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Donald Dunbar’s Marvelous Q&A at BOMBLOG
The great reviewer Donald Dunbar talks to BOMB’s Jonathan Aprea about his new book Eyelid Lick (Fence Modern Poets Series Winner 2012), which is, as Aprea writes, “a surreal text whose poetry is anchored by its syntactical coherence.” Perhaps this stems from such a theory as Dunbar makes explicit here: “Language is mind control. We don’t get the choice to hear what we want to—if someone’s talking, our brain is processing it—and by reading a thing we’re surrendering our mind to the system of meaning the author has arranged. This doesn’t mean that we’re not able to later make decisions about what’s being said, but that analysis happens at a much higher level than the initial processing of things.” More:
DD . . . “He takes pleasure in torturing puppies,” is easier on the reader than, “I take pleasure in torturing puppies,” is easier than, “You take pleasure in torturing puppies.” In each of these we’re still processing the same information—puppies are still being tortured—and we understand the torture is fictional, but when we’re signaled to process information in relation to ourselves, our tendency is to do it.
Then using various levels of realness for “you” (from the most-real reader “you who owns this book” to the apostrophe “O! you muse or angel or country” to a character addressed as “you”) maybe further flattens it out, so the reader is being asked to respond as the characters, as America, as his or herself, and to feel as all these people too.
Have you ever been hooking up with someone in front of a television in an otherwise dark room, and the shifting glow seems to rearrange their face into the exact same face of a different person? Or like how a lover will have the same mannerism, or facial expression, or turn of phrase, or scent, or way of kissing, as someone else. I love this feeling—and the almost, and the hints of, and the sorta—especially in a situation that’s mostly about discovery. In the discovering of this other person, and you in relation to them, to find some shared aspect, not only between the two (or however many) of you there in the room, but between people elsewhere in space/time and memory, and versions of themselves these people are and were . . . This seemed like a fine thing to write poems about.
JA A memorable / important point in reading Eyelid Lick occurred for me when I realized early on in your author’s note that I wasn’t reading what I thought I was reading, that the author’s note read more as a poem than as a note. And the table of contents that follows the author’s note reads like a poem also, and its numbers don’t seem to refer to anything. But even still, some might read your note and table as fulfilling a similar purpose as more traditional versions. Would you say that Eyelid Lick challenges conventional structures found in other poetry collections?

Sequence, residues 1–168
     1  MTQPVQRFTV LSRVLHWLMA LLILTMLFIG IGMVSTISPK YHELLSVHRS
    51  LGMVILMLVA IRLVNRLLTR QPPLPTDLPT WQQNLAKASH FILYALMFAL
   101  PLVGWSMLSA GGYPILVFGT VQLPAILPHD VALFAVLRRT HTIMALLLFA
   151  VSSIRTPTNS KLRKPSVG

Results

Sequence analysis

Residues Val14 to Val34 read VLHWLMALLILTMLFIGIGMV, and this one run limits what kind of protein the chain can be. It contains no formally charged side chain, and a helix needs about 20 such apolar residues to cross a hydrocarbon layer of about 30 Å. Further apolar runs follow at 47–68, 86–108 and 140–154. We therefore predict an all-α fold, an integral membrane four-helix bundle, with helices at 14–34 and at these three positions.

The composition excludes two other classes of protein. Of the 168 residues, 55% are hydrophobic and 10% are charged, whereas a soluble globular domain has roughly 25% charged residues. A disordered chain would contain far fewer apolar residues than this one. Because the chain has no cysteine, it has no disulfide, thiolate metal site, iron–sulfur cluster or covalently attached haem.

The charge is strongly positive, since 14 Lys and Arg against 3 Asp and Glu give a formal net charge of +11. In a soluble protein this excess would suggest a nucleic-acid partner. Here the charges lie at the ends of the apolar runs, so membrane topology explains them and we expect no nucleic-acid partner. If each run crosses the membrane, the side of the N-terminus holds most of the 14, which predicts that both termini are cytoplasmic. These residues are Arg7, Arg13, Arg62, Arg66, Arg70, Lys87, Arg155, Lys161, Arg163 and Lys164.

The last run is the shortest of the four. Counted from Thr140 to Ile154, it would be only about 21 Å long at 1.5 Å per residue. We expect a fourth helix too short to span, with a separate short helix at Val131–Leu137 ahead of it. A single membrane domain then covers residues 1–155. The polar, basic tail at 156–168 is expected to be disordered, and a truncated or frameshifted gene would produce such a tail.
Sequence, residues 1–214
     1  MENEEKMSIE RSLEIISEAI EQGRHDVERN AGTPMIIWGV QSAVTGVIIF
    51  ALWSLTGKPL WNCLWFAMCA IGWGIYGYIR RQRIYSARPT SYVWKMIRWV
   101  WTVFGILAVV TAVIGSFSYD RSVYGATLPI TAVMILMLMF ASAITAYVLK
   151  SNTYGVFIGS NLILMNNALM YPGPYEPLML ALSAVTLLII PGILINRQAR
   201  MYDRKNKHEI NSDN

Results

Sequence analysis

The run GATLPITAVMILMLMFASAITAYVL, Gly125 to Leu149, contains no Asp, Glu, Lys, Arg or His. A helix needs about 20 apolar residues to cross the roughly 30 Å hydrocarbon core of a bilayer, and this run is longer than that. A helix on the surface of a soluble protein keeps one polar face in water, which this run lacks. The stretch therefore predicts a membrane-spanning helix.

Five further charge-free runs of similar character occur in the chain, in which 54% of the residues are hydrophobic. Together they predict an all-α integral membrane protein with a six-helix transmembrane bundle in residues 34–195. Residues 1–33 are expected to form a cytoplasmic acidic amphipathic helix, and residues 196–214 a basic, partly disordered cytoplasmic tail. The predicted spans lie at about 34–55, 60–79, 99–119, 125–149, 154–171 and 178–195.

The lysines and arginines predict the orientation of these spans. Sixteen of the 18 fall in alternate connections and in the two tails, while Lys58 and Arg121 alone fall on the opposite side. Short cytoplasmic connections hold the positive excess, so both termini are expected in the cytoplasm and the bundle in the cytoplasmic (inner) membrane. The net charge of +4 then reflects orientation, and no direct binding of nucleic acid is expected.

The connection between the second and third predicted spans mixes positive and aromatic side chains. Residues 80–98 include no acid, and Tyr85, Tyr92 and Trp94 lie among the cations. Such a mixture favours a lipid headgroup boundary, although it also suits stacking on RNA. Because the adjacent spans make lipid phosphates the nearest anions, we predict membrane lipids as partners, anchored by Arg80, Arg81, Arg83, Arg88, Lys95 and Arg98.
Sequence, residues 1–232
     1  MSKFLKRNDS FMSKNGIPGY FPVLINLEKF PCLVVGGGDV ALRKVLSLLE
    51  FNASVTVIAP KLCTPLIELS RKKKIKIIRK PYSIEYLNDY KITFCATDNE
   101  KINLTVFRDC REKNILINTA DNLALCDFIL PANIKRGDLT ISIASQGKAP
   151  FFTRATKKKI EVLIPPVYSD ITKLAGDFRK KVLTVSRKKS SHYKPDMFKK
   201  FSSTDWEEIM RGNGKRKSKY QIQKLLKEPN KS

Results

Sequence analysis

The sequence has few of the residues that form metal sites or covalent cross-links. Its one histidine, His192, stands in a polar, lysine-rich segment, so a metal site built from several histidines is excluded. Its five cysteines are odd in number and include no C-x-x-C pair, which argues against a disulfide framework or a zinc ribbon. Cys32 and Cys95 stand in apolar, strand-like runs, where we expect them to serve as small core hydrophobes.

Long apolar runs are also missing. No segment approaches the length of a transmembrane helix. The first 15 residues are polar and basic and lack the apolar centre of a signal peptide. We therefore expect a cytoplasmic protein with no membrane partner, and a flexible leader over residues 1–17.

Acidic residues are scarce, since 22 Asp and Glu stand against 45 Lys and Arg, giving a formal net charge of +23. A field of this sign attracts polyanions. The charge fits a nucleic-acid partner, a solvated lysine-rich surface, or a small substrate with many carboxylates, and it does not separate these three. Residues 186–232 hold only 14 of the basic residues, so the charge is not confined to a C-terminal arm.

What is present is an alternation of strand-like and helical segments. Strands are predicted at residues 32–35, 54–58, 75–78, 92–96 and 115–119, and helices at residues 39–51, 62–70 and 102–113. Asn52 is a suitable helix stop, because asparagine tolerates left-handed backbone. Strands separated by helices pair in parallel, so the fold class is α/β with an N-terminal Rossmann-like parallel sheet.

DD For sure. I want my book to be a Pokemon or a secret lover or a cyanide pill.
I have a deep distrust of inherited systems and values that extends from the political to the cultural to the poetic. I think this distrust is an increasingly common thing, especially in people who’ve come of age in the last decade or two. The Internet makes it too easy to figure out who’s lying to us, and it turns out most of the people with most of the power are doing most of the lying. Poets have little power in today’s world, so the lies are less frequent and more innocuous and less likely to end with a drone strike.
But the habit of distrust that one learns from political, religious, and macro-cultural authority will, I think, increasingly carry over into the poetry world. This is where the small press scene comes from, this is where the CLMP code of ethics comes from, but I think there’s an aesthetic in it too.
For me, the aesthetic is not one of reaction—it’s not activism—and it’s certainly not one of submission. It’s a refusal to engage with the often-dichotomous arguments of the world and subvert them into some unrelated purpose, or ignore them. For me, this means trying to show people that even the musts of the world are open to revision, and are ultimately based on the consent of everyone. It’s a long ways from “Maybe a table of contents can be a poem” to “Maybe we shouldn’t base our valuation of other people on how much money they have,” but it’s a lot easier for my mind to get from A to B that way than through a Mary Oliver poem, however much she might talk about such things.
A great interview. Read it all here.